How are video games made?By looking at this code for a day trying to figure out where a rounding error is coming from, and I love it.
Everyone should have a thing;I don’t know how artists manage to paint or how writers write books or how musicians do their thing. Code is my thing,it’s fundamentally collaborative and requires a weird kind of logical creativity, and I get to make video games with it.The downside is it’s hard to explain this to people.

How are video games made?
By looking at this code for a day trying to figure out where a rounding error is coming from, and I love it.

Everyone should have a thing;
I don’t know how artists manage to paint or how writers write books or how musicians do their thing. Code is my thing,
it’s fundamentally collaborative and requires a weird kind of logical creativity, and I get to make video games with it.
The downside is it’s hard to explain this to people.

Unity3d Static class.

Unity3d golden rule. if you really need a static/singleton class, that isn’t just a library, that needs to interact with other objects or scripts, don’t actually make it a static class, you idiot.

say you have a class that has some variables or methods, that change or do something either at the start or during run-time, e.g stuff in update(), and you want this class to be accessible by all other scripts in the game.
why not make it static, as there will only be one instance of it, and you don’t have to call Gameobject.find().getcomponent<>(); in every class that needs to talk to it.
So you make the class inherit from base c# “object” rather than “Gameobject”, make it static and call it “TheMasterClass”, now at any point in your code, you cam just call TheMasterClass.DoSomeWickedCoolStuff(rad_Data);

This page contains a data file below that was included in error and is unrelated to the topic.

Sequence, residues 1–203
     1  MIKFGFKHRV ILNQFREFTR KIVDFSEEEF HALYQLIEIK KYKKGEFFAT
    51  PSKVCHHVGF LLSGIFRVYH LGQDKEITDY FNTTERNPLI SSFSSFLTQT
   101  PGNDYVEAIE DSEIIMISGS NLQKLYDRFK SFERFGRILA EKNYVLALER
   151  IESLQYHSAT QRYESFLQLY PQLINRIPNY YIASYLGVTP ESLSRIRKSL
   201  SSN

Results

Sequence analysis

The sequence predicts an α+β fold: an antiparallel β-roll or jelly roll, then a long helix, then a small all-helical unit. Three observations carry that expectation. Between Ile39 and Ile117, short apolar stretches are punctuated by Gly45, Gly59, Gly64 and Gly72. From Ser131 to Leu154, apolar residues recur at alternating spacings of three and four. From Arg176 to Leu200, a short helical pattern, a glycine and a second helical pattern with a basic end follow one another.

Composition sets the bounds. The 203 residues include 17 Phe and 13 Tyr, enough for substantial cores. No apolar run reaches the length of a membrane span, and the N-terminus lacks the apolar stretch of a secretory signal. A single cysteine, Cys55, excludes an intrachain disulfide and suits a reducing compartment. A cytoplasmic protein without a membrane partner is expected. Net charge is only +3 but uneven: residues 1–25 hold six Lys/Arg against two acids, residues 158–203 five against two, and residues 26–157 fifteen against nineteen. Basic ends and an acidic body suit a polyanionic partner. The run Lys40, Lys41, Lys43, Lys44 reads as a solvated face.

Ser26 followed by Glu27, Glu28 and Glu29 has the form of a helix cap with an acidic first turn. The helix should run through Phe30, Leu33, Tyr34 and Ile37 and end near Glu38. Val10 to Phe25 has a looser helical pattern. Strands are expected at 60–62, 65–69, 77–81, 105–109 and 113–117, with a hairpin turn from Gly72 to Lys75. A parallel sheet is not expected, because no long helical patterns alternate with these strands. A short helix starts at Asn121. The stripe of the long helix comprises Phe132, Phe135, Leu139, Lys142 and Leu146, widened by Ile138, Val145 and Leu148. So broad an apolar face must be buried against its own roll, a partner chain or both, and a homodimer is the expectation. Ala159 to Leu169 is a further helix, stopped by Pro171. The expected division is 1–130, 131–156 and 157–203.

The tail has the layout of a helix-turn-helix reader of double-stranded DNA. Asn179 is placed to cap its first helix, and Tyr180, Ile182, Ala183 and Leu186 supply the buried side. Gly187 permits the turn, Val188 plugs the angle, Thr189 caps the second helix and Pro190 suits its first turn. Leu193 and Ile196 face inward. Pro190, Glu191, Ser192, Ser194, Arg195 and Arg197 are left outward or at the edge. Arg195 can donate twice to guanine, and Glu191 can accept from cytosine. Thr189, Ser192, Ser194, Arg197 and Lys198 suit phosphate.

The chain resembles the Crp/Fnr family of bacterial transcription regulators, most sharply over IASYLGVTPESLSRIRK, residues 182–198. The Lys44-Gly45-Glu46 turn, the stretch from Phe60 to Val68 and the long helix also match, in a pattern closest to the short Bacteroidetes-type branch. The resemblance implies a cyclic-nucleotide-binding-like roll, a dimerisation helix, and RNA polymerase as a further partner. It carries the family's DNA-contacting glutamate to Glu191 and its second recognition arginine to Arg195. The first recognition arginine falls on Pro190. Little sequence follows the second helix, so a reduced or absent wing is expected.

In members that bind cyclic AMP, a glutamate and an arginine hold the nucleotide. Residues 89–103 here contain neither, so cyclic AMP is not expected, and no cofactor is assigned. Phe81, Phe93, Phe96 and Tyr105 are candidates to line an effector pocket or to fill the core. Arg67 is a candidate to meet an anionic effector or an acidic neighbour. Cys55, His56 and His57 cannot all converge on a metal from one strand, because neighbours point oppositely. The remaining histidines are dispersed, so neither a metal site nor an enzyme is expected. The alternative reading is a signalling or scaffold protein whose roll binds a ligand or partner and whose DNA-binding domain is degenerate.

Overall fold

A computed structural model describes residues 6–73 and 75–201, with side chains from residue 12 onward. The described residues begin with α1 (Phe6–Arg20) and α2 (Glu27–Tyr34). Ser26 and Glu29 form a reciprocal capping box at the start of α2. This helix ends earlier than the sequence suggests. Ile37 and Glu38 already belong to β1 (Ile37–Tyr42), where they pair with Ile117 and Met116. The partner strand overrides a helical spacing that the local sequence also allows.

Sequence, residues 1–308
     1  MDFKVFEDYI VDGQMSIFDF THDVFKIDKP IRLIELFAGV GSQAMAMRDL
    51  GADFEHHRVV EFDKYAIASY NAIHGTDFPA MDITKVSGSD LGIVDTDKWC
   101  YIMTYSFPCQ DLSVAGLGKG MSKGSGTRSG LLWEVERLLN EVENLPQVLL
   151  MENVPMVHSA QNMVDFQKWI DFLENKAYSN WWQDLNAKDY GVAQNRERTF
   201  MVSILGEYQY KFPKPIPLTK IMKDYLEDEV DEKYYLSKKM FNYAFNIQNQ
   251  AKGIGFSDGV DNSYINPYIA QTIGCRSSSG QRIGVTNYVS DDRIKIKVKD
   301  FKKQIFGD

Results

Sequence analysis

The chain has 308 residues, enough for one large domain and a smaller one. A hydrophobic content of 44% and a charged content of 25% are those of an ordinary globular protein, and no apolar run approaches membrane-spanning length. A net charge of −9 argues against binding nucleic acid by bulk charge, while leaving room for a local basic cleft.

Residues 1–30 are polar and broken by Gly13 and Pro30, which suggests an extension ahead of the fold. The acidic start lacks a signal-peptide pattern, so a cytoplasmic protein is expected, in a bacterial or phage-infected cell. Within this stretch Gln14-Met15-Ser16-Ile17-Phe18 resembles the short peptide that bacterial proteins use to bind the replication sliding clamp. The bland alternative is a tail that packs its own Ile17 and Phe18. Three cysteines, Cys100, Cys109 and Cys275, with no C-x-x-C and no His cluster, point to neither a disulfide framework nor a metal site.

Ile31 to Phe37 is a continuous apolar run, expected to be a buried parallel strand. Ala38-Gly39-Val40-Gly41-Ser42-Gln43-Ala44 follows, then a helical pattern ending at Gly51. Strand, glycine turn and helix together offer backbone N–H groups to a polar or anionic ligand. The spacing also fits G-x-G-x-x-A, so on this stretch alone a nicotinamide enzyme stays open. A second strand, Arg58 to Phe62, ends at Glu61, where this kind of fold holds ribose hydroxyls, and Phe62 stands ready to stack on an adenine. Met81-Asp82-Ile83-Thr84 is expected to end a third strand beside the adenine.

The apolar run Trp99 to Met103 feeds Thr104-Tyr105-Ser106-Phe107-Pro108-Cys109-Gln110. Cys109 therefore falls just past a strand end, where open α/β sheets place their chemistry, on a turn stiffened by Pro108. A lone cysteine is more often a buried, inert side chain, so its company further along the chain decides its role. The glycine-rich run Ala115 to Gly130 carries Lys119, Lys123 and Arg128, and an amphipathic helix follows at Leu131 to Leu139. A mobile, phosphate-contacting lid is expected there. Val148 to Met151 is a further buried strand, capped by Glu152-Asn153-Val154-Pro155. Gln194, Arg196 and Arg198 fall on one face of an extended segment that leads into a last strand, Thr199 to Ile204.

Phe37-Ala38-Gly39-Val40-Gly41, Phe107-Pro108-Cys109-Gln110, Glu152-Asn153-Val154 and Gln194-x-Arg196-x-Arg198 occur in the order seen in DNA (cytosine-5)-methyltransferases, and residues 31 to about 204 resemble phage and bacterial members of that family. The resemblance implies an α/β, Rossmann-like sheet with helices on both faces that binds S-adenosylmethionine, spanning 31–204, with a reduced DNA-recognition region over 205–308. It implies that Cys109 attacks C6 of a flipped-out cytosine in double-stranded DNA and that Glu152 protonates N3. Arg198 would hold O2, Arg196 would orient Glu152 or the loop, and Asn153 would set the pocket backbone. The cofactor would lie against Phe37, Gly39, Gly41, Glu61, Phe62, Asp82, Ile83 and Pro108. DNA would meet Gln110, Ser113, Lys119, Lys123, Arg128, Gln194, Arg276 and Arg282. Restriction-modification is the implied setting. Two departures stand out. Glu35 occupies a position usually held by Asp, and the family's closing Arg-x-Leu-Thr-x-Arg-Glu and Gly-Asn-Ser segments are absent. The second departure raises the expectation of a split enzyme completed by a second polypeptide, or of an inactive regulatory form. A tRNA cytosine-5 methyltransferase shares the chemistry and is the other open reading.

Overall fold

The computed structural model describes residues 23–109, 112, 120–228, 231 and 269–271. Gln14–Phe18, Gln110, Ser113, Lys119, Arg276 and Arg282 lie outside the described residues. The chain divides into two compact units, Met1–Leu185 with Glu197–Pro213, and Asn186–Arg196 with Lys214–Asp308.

sounds good?
well don’t do it anyway.


Static object classes cannot inherit from gameobject, so they cannot be applied as components to objects in the scene.
This means you get no update(),awake(),start(),onGui()…etc.
Could you just initiate them from the class constructor?
yes,…constructors do get called… at some point between your program starting and the year 90’000. You could try messing about with the execution order, but it has no effect.
Ah, but then..
Could I create a normal component class, attach it to a normal game object, and in it’s awake() function, initialize any static class, and also do the same for update()?
Yes, this would actual
ly work. So you have gone out of your way to have some class abstracted out of the game, so it can’t be instantiated, and then to get it to function like a class that can be instantiated, you created another class just to babysit your static class,and imagine if someone else saw your code.
But I have done this in other project/languages..
Unity is wack. DealWithIt.jpg
What should static class be for?
If you have some methods that don’t have anything to do with your game and will never change, that are READ-ONLY, e.g some extra maths or array iterator functions. Then they would be well suited for an abstract static object class, called something like “helper”, that you can call throughout your scripts.
What about static variables?
they have actual uses, for example having a variable that is shared between all your enemy npcs, which can be written to by any of them, and this variable only effects enemy npcs, then it would be the ideal use of a static variable in the enemy npc class.
There are always odd cases when you just need a class to hold some really funky data and/Or your name is Mr. Edge Case, then go ahead, it will work, make it a generic object class, but your overall design method needs to be thought over again Mr. Edge

The lonely webserver and the case of the ghost data.

It’s midnight, the room is dark, headphones are on, night programming is taking place.
I’m coding a new website, quite a complex one, where the the webserver has to have frequent chats with your computer.
So I’m ready to test, and as code never works first time, I am expecting errors and problems.